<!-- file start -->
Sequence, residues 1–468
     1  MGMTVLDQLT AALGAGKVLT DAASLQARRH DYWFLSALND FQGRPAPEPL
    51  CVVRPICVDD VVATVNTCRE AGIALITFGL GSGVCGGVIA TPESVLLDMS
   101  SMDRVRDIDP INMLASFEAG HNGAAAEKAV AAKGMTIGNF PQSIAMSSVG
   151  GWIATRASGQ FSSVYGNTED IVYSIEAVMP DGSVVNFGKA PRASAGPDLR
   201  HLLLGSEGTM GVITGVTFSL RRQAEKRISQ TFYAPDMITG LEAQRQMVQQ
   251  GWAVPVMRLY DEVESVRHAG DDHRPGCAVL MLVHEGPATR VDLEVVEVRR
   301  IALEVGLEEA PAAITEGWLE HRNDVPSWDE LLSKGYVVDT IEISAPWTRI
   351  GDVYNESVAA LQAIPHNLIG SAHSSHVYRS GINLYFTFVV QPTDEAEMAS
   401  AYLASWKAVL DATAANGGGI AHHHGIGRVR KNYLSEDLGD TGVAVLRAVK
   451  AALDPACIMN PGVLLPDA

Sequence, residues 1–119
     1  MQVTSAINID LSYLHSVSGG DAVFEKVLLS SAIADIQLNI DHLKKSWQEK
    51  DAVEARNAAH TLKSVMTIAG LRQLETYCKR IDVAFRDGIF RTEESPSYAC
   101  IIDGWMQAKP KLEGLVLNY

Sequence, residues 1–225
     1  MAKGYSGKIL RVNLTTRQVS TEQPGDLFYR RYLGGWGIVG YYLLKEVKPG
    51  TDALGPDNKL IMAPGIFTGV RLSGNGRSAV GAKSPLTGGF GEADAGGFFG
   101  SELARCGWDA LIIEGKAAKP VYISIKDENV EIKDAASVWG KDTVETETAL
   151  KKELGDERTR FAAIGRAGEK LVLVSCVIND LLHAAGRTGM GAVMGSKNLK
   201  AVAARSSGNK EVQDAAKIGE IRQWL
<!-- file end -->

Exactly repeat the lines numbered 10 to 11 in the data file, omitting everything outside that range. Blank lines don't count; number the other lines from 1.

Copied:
   401  AYLASWKAVL DATAANGGGI AHHHGIGRVR KNYLSEDLGD TGVAVLRAVK
   451  AALDPACIMN PGVLLPDA